I have a 5-in-1 reflector set that contains a diffuser too. For food photography, I mostly use the diffuser plus the white and black reflectors. Silver is rarely in use, the gold is not too handy when you shoot food since it’s negatively affecting the white balance, but it could be great for specific portraits.

If you do not want to buy a set like this, you can reflect the light with some cheap white and black foam boards or use white EPS, and a simple white fabric sheet could do as a diffuser as well.

When I’ve upgraded to flash, I’ve got an octabox with Bowens mount, which came with a double diffuser and a honeycomb grid.

For product photography I have two, 30 x 140 cm stripboxes that help me creating nice highlights on bottles in addition to the original features of a softbox.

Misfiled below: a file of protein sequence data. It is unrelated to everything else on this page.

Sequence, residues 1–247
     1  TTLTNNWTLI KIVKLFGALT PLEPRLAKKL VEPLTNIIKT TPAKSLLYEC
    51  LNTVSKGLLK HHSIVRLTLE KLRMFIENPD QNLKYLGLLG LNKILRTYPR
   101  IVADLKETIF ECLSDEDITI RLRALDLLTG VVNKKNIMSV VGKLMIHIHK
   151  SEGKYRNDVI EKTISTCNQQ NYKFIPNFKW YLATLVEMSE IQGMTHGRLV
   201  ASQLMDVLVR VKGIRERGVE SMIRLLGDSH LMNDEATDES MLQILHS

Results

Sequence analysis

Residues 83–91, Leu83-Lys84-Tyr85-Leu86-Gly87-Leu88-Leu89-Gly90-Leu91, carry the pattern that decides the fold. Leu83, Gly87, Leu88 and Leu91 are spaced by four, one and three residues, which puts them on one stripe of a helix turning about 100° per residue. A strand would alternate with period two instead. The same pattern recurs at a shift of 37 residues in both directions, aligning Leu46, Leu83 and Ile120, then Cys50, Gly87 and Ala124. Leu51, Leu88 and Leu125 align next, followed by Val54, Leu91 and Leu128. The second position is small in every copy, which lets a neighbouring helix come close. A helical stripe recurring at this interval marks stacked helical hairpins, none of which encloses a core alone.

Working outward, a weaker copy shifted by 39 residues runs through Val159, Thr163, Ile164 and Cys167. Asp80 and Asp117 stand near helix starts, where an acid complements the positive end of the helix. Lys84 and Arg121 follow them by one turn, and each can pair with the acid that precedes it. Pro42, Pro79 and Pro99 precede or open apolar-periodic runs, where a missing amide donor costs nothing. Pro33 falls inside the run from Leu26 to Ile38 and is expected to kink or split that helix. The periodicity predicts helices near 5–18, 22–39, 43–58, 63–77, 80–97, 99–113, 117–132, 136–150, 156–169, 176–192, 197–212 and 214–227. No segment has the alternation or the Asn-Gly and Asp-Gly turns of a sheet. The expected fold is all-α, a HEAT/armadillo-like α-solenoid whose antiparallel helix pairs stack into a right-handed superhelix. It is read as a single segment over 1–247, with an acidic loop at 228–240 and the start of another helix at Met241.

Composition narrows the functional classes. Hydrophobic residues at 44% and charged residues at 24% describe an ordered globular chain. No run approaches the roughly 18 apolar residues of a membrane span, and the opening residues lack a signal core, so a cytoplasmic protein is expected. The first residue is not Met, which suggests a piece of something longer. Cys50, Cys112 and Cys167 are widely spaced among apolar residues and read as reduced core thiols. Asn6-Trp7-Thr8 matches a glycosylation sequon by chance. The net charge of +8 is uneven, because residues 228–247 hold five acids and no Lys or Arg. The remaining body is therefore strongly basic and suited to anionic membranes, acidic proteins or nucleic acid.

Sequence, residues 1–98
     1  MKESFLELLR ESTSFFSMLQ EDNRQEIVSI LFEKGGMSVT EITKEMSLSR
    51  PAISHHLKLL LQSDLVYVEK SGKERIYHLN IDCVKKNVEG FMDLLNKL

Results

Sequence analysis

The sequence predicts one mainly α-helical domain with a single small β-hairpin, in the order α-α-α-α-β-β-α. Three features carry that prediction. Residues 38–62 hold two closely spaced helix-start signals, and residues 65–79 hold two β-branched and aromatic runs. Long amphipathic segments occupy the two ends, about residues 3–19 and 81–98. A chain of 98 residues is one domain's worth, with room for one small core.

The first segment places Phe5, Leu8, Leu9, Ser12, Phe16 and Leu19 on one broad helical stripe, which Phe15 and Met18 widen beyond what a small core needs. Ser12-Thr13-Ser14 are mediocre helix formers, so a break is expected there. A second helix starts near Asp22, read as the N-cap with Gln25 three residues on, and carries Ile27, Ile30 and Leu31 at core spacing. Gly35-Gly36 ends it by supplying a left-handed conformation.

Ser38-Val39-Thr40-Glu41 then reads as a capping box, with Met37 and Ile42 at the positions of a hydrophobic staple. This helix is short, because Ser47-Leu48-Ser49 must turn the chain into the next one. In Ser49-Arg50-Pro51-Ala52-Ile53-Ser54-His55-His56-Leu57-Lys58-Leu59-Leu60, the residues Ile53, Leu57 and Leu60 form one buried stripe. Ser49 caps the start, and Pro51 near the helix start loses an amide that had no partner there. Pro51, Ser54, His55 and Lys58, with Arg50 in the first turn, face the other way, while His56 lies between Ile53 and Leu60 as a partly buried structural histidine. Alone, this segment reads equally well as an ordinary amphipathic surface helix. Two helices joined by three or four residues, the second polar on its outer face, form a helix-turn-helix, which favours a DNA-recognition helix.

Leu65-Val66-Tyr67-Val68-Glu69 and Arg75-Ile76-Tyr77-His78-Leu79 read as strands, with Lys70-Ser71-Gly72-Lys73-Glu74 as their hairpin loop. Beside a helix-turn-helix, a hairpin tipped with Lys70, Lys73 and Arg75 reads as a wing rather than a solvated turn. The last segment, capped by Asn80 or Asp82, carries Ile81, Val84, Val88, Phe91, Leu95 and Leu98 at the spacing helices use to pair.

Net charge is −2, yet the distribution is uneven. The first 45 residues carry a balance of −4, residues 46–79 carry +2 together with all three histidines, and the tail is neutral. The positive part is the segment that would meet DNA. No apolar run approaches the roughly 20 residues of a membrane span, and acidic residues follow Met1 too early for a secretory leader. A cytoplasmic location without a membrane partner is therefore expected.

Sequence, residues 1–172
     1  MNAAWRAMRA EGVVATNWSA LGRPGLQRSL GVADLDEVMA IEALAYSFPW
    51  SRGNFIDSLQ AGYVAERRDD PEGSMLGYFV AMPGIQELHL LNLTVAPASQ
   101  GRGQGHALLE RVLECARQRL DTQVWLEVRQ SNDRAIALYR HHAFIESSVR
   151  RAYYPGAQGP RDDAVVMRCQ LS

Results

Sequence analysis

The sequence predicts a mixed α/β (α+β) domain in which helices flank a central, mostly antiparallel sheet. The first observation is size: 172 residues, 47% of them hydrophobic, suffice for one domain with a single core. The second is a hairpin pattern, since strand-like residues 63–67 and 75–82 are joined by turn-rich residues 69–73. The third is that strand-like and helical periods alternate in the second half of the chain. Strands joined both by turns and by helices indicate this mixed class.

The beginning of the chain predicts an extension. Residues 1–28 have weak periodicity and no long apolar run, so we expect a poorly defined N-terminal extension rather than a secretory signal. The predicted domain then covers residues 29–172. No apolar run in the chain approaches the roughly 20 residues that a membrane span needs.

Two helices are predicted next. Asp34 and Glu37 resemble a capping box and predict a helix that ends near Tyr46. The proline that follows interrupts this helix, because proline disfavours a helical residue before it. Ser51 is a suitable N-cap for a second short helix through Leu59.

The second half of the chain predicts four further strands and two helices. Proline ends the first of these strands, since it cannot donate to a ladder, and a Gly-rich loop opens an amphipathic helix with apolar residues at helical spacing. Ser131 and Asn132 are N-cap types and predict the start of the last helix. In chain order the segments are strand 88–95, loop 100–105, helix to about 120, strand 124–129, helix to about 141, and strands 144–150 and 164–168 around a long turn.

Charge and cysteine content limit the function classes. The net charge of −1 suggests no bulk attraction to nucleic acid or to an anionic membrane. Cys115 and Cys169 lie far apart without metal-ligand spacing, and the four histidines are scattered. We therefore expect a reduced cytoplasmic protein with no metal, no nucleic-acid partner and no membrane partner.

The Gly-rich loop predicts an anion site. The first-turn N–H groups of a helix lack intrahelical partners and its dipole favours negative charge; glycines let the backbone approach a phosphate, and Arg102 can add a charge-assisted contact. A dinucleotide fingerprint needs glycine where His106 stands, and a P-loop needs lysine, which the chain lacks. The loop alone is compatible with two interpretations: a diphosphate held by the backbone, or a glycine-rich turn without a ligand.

I love to create my own wooden backdrops and some props by upcycling unwanted items, use the treasures I find at flea markets or simply transform something unusual into a prop.


I mostly use Adobe Lightroom Classic CC software for editing my images, nowadays I more likely to use Adobe Photoshop too for commercial work. On mobile, I use the Lightroom CC . For the consistent look on my Instagram stories, I use the full version of Word Swag and Unfold.